Are you in search of a water heater and feel a little lost? We hear you, water heaters are a must, but these are rarely replaced until you need to. And with several different types of water heaters, it may seem like a daunting task to pick a new one until you are forced to do so. The reason why we’ll be addressing different types of water heaters.
Water heaters are a necessity in every household. Waiting until they break -which is what happens most of the time -is a massive headache; picture being left with no hot water and, possibly, a flooded basement. Besides heating water, these appliances represent a steady and continual supply of water. So as you can imagine, being left without one is not a pleasant idea.
To avoid disaster, and before you make any significant investments, it is always a good idea to do a little research first, see what the market has to offer because chances are you’ll want to change to a new and improved model. So we are here to help and point you in the right direction by showing you different types of water heaters.
Types of Water Heaters FAQ’s
What are the five main types of water heaters?
- Storage Tank Water Heater. Storage tanks are the most common type of water heater. As the name suggests, these consist of an insulated tank in which water is heated and stored until needed then emerges from a pipe on top of the water heater.
- Tankless (On-Demand) Water Heater. Rather than storing water, tankless water heaters use heating coils to heat the water as you need it. They’re more energy-efficient than a storage tank but provide only a limited flow of hot water per minute.
- Heat Pump (Hybrid) Water Heater. These capture heat from the air and transfer it to the water. They use about 60 percent less energy than standard electric water heaters. And while they cost more than electric-only models, installation is similar and payback time is short. But they don’t work well in very cold spaces.
- Solar Water Heater. A roof-mounted cell absorbs the sun’s heat and transfers it to an antifreeze-like fluid in a closed-loop system that runs to the water tank. The best deliver stellar savings in summer, making them attractive for warm, sunny regions.
- They are condensing Water Heater. Condensing water heaters are an option if you heat with gas and need a unit with a capacity of more than 55 gallons. These models have a tank like a conventional water heater, but they capture exhaust gases that generally go out the flue, wasting energy.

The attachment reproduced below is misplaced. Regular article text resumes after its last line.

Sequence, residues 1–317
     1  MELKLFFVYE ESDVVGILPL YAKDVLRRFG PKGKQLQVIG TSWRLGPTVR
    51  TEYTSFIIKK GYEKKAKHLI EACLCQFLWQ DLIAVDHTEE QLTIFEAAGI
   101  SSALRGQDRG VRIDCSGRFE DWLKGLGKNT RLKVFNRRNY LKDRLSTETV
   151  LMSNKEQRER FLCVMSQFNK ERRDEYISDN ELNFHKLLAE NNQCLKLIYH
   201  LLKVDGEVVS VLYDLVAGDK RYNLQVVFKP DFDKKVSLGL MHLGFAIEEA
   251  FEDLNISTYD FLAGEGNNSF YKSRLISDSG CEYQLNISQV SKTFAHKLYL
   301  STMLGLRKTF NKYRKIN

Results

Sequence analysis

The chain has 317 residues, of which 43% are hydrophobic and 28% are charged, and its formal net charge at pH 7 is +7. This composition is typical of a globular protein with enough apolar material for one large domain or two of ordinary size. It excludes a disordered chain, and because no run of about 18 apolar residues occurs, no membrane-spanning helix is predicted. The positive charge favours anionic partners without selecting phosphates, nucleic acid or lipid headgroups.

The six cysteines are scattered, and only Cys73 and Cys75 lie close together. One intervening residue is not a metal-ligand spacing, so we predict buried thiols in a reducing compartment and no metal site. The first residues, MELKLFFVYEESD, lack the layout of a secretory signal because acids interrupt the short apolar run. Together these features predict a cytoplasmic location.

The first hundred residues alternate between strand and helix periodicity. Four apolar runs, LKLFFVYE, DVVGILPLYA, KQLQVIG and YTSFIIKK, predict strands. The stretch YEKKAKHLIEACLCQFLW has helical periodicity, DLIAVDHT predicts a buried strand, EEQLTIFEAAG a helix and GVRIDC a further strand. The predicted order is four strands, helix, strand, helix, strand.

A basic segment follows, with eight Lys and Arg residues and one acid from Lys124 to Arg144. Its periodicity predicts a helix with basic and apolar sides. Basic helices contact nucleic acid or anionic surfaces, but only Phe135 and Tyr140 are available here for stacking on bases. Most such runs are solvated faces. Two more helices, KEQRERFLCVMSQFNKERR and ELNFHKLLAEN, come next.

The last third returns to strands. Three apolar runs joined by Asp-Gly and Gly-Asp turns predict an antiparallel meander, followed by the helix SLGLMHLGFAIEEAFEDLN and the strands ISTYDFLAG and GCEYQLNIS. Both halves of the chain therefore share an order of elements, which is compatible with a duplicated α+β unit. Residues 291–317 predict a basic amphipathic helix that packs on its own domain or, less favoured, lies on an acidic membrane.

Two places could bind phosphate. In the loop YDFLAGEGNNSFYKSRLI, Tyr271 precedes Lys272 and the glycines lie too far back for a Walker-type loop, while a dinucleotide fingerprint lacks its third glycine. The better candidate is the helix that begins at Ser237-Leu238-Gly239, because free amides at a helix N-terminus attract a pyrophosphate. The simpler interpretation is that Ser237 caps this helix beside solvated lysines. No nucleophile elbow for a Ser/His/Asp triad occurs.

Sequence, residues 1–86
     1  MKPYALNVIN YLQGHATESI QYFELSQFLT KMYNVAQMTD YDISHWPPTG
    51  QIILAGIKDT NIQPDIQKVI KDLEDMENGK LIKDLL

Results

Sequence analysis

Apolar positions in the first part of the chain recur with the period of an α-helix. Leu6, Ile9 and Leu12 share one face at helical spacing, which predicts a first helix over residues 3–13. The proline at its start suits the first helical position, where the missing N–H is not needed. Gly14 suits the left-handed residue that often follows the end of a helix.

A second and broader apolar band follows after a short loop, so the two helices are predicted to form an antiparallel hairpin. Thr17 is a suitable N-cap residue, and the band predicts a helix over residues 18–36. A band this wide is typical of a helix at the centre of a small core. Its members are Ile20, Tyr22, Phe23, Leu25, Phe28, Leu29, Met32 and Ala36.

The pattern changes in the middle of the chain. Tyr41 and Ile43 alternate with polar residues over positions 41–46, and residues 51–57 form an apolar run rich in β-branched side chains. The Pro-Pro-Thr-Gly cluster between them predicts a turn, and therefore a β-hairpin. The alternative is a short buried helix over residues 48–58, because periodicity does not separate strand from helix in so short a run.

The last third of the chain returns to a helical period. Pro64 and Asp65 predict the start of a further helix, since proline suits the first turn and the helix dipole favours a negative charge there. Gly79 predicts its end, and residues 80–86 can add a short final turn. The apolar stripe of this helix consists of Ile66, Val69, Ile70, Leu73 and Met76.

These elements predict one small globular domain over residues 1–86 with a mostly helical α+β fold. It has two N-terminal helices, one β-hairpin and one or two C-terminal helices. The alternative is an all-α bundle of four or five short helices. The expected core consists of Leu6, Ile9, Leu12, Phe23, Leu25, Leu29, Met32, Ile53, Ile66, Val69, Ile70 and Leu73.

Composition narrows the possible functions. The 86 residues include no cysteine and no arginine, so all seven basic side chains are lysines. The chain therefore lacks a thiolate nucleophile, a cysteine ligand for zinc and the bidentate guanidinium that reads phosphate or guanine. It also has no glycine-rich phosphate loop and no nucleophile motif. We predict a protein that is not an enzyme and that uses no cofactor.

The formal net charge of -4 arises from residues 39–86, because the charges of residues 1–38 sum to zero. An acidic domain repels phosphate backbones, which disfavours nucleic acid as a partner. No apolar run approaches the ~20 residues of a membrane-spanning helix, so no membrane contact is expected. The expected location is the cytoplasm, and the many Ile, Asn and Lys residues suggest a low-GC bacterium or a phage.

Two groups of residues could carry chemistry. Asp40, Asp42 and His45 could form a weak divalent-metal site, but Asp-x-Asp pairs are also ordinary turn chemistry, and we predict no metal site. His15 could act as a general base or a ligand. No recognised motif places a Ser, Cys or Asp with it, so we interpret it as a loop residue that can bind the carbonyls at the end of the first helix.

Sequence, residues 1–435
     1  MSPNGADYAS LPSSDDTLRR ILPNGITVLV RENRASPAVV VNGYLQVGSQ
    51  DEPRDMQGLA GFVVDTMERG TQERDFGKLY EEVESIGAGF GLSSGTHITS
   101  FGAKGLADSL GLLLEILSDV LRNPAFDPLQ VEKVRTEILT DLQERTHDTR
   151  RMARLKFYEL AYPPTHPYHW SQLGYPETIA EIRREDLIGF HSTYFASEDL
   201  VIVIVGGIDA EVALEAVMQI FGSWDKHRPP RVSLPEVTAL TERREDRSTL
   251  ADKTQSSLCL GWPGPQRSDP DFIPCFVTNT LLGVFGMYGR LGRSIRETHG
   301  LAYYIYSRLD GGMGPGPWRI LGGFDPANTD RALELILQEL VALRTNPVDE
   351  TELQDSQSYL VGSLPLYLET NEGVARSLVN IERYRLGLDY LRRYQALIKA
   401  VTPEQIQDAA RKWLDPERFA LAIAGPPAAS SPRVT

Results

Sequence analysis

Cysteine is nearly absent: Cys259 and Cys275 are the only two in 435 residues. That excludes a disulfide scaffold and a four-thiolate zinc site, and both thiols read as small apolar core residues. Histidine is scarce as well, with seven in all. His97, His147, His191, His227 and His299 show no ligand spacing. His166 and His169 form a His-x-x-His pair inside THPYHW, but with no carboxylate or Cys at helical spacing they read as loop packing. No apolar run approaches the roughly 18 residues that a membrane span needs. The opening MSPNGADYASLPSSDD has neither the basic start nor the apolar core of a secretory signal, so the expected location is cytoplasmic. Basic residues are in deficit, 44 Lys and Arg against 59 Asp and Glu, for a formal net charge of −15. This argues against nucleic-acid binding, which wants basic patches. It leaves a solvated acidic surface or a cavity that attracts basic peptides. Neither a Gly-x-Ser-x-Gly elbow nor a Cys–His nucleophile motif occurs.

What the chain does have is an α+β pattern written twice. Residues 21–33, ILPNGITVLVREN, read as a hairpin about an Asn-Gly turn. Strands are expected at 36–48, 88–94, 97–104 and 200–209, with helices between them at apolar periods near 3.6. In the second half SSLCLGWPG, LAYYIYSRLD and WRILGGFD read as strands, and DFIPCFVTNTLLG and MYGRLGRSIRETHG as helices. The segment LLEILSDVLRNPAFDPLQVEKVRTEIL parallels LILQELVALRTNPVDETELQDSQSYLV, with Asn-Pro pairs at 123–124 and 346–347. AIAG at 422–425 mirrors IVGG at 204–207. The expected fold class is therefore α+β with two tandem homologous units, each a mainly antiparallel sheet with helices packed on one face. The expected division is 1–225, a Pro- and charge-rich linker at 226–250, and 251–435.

Which type of water heater is most prevalent?
Conventional Water Heater. Conventional water heaters are among the most popular water heater options. They feature a sizable insulated tank where water is stored and warmed.
- Lower initial cost: You’ll likely spend far less on the initial up-front fees of a conventional water heater than you would for any of the four alternatives.
- Efficient across all climates: No matter where in the world you live, you can rest assured knowing that a conventional water heater will function to perfection. Other types of water heaters require specific conditions for optimal performance.
- Lower installation costs: Generally, installation costs tend to be lower than the alternative installation types.
- Space hog: There’s no getting around the size of a conventional water heater. Because they are designed to accommodate a warm water reservoir, they tend to run on a larger spectrum of size.
- Vulnerability to water damage: One of the most notable fatal flaws to conventional water heaters is their potential for water damage.
- Increased energy waste. They are constantly using energy to keep water warm.
What are the two main types of water heaters?
The two main types of storage water heaters are:
- Gas/oil water heaters
- Electric water heaters (including heat pump units)
What is FHR, and why is it important for water heaters?
It means first-hour rating. That’s how much hot water you get from your water heater in its first hour of operation. Your tank’s first-hour rating or FHR will be printed on the tank. The FHR should be very close to how much water your family uses at its peak time, perhaps in the morning when the shower is running, along with the dishwasher and washing machine.
What size water heater do I need for a family of five?